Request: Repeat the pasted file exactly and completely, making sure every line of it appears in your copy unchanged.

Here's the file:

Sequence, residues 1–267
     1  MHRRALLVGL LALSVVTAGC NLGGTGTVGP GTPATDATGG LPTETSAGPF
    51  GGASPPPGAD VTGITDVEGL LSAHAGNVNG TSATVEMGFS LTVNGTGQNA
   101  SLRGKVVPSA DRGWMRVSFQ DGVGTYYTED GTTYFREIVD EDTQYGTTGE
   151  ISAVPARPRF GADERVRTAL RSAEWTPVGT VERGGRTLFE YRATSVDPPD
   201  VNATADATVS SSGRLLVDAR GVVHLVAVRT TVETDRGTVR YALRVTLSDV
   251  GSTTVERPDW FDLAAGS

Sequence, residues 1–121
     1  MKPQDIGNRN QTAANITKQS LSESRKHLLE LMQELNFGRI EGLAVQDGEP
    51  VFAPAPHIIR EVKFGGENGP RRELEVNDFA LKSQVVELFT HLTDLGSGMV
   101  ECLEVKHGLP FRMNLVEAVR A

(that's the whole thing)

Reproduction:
Sequence, residues 1–267
     1  MHRRALLVGL LALSVVTAGC NLGGTGTVGP GTPATDATGG LPTETSAGPF
    51  GGASPPPGAD VTGITDVEGL LSAHAGNVNG TSATVEMGFS LTVNGTGQNA
   101  SLRGKVVPSA DRGWMRVSFQ DGVGTYYTED GTTYFREIVD EDTQYGTTGE
   151  ISAVPARPRF GADERVRTAL RSAEWTPVGT VERGGRTLFE YRATSVDPPD
   201  VNATADATVS SSGRLLVDAR GVVHLVAVRT TVETDRGTVR YALRVTLSDV
   251  GSTTVERPDW FDLAAGS

Sequence, residues 1–121
     1  MKPQDIGNRN QTAANITKQS LSESRKHLLE LMQELNFGRI EGLAVQDGEP
    51  VFAPAPHIIR EVKFGGENGP RRELEVNDFA LKSQVVELFT HLTDLGSGMV
   101  ECLEVKHGLP FRMNLVEAVR A